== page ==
It was all about prairie madness at the Erdem Spring/Summer 2016 runway show during London Fashion Week. Colorful floral designs and Victorian influences were found throughout the collection as models walked down a dimly lit, earthen runway. Billowing dresses, covered in floral motifs and rows of ruffles may have made it seem as if Erdem was just crazy about Laura Ingles Wider, but the madness that he speaks of in the collection may have run a little deeper than that.
Inspired by “the ideas of displacement and his heroine's introduction to the open plain,” the collection suddenly becomes less about his attention to style in the Midwest and more about history’s effect on pioneering women. It can be said that Erdem Moralioglu designs for a very specific character in mind—last season he focused on the story of a down-and-out heiress and before that the life of a Victorian botanist. This season he focused on the trials and tribulations of America’s early settlers.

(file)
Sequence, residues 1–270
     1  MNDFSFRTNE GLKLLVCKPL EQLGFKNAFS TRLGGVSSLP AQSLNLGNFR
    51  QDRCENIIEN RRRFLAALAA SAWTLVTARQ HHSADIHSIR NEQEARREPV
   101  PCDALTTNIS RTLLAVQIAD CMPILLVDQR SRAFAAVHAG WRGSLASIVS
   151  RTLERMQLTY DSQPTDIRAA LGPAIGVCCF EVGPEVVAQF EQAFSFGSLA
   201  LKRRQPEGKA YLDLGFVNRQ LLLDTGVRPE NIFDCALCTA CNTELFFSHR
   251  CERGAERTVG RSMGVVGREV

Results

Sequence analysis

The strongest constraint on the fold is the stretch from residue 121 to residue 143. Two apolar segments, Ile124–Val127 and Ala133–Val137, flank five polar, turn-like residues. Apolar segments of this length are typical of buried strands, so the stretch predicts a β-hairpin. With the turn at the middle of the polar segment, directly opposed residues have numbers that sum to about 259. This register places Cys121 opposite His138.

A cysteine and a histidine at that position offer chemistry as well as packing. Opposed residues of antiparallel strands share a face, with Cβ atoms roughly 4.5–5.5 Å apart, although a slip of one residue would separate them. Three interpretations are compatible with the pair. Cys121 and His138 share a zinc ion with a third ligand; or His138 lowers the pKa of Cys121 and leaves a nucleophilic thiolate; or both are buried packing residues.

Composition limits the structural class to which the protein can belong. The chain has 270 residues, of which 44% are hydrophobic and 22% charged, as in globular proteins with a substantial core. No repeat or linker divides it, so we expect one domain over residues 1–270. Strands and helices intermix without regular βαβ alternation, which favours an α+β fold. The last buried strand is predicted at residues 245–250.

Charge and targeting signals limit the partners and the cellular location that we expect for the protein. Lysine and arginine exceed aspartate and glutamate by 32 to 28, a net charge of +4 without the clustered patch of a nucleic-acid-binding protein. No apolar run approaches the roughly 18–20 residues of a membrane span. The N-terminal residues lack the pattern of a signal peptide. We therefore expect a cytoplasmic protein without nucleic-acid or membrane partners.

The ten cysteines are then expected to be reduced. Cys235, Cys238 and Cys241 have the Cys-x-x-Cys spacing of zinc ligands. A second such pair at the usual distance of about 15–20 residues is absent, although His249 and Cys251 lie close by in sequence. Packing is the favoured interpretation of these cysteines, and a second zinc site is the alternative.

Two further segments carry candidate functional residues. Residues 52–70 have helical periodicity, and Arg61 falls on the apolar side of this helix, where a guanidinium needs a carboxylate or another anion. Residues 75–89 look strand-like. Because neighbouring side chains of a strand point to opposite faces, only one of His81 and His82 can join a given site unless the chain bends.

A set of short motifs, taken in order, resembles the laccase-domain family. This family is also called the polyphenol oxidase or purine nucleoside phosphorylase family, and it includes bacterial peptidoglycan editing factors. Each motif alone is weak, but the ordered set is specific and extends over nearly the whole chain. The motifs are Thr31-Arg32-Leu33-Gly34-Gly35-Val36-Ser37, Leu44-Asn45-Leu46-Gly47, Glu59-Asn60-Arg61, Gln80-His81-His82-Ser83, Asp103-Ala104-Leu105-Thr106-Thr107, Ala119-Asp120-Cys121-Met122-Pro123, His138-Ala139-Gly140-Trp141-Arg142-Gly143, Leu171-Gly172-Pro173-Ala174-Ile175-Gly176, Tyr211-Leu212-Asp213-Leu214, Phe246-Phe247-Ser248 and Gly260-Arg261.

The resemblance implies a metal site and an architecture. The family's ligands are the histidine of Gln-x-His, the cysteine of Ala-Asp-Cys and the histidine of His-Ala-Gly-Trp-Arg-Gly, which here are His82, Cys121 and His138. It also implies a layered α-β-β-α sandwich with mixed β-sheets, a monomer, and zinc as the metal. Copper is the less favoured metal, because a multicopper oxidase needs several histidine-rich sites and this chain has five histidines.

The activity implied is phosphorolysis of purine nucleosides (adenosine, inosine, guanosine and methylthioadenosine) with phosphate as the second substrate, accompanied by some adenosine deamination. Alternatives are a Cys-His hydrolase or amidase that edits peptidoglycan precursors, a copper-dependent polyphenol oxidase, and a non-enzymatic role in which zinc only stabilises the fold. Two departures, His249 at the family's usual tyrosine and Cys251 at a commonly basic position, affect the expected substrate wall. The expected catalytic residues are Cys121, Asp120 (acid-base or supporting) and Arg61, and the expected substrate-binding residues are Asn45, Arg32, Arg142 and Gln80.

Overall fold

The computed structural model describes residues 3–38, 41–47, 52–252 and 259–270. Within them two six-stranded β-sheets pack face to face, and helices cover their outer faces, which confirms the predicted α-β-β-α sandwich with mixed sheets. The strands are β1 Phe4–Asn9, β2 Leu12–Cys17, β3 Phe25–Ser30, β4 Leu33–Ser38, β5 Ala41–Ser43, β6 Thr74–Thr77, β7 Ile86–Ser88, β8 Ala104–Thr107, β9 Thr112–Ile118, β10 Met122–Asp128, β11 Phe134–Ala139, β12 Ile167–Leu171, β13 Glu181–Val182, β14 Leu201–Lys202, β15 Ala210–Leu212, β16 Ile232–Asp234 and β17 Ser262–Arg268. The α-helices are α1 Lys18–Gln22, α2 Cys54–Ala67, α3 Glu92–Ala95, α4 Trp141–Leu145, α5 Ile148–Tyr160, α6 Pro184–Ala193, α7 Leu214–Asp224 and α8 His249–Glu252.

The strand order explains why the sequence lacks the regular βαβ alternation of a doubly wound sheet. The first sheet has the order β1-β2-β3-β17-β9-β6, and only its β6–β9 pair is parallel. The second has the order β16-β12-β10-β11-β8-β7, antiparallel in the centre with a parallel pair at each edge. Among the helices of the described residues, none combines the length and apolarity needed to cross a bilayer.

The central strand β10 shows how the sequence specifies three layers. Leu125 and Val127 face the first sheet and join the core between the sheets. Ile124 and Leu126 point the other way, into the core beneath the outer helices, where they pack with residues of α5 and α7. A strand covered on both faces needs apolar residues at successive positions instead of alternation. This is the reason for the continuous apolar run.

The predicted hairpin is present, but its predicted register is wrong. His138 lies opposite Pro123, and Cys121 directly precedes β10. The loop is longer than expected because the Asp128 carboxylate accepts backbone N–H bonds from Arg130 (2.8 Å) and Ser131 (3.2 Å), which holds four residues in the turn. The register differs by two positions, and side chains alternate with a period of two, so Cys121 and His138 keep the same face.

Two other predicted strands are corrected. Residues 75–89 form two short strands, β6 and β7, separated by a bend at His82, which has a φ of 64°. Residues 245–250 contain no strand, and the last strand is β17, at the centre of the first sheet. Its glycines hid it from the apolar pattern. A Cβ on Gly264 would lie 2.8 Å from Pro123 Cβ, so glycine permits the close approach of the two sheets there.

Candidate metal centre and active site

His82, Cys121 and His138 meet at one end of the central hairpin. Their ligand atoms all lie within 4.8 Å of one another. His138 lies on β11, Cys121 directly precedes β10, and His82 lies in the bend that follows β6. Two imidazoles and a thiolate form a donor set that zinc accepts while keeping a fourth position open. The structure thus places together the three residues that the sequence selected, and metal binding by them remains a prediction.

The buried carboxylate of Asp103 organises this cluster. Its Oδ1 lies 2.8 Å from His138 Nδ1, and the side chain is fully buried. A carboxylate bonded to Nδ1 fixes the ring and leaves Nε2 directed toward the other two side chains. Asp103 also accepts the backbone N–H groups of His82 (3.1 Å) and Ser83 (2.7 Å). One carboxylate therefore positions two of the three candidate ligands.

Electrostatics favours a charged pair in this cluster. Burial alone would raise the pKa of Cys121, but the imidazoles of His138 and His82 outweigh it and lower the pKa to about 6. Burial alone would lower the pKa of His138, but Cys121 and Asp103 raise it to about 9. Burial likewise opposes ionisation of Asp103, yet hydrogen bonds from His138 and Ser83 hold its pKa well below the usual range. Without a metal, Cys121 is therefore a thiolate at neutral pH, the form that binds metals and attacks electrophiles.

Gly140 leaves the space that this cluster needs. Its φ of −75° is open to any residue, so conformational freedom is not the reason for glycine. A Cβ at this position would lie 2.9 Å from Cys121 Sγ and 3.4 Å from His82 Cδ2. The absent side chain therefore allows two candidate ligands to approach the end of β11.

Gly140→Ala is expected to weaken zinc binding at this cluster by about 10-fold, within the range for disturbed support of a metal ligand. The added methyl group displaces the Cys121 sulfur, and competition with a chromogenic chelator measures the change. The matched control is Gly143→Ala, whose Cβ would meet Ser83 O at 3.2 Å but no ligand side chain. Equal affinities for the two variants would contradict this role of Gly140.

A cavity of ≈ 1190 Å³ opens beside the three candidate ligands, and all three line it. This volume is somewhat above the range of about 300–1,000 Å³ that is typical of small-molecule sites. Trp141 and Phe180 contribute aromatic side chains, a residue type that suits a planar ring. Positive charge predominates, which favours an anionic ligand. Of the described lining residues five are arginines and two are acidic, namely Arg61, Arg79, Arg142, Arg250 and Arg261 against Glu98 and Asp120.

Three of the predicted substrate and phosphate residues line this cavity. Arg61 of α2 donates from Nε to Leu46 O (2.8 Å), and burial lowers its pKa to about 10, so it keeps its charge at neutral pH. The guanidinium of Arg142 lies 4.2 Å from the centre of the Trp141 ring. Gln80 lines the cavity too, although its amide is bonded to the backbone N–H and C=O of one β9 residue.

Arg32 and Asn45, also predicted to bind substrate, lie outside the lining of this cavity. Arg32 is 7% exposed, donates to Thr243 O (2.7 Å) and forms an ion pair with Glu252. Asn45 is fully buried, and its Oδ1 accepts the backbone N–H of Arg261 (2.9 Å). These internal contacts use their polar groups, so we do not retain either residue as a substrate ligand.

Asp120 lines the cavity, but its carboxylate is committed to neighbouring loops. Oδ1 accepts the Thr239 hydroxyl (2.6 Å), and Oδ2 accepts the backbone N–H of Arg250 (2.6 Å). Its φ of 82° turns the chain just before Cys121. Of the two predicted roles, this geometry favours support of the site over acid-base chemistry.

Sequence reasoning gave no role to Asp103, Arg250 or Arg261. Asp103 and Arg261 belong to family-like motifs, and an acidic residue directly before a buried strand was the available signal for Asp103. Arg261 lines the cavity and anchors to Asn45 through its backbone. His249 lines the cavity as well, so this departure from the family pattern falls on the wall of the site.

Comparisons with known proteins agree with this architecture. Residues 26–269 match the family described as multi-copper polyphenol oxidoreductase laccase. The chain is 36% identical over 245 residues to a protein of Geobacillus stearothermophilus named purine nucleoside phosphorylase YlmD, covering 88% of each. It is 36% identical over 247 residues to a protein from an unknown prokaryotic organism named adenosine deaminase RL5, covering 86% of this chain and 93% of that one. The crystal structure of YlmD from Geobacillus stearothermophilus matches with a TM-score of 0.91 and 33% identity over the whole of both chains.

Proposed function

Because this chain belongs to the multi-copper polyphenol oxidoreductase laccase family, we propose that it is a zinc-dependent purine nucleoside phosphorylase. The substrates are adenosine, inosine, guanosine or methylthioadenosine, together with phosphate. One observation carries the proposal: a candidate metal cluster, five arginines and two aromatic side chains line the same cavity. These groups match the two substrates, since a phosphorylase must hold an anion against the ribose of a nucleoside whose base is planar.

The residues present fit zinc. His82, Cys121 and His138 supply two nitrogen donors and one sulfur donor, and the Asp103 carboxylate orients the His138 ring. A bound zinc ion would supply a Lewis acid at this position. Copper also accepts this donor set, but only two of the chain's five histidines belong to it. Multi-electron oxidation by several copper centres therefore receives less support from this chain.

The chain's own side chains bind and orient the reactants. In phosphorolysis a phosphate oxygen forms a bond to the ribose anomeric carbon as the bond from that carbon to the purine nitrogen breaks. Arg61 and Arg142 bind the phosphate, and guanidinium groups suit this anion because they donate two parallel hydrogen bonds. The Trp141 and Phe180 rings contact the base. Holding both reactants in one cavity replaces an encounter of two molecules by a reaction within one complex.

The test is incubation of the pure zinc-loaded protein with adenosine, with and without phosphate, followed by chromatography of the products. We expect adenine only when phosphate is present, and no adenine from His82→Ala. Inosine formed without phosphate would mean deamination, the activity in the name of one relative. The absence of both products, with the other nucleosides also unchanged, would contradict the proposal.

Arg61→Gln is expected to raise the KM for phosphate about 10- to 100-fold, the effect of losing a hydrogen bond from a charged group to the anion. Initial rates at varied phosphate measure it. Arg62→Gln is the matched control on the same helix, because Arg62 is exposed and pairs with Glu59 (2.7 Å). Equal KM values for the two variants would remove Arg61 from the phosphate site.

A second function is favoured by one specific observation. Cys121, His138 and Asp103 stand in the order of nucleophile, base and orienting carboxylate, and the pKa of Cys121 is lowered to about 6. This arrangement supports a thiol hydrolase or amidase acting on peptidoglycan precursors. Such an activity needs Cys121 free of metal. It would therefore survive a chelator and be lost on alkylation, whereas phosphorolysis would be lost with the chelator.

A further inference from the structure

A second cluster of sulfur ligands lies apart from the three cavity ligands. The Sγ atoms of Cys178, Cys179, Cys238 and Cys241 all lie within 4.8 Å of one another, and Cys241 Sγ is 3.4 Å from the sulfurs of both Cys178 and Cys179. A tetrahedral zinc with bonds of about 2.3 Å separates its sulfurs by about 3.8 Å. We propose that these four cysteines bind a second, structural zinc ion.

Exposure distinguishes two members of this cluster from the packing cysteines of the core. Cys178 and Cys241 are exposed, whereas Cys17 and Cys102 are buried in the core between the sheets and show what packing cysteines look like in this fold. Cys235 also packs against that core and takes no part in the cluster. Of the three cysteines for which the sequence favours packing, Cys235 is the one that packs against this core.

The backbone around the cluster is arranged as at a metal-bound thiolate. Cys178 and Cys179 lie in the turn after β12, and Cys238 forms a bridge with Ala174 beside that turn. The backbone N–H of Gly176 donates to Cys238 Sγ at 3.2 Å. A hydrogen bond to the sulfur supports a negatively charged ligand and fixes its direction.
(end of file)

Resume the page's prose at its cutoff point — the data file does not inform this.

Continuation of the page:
“It was about prairie madness,” he explained to Vogue backstage. “In 1862, Abraham Lincoln passed the Homestead Act, which gave single women and widows the right to their own plots of land in the West, as long as they stayed there for five years. So there were all these women coming from their homes in Europe, bringing their clothes and the remnants of their lives in Norway and Germany and places like that—and they started to suffer from agoraphobia and all kinds of psychological illnesses.”
But this wasn’t the prairie, and the models coming down the runway were not fighting for their sanity in an attempt to keep their land. Instead Erdem took this tragic time period and translated it into something beautiful. Voluminous sleeves tumbled off the shoulders of models, long tiered gowns moved gracefully around their ankles and jabot collars were ruffled at their neck. The collection was a blend of both European fashion and simple prairie style that came together in a successful, albeit dark, collection.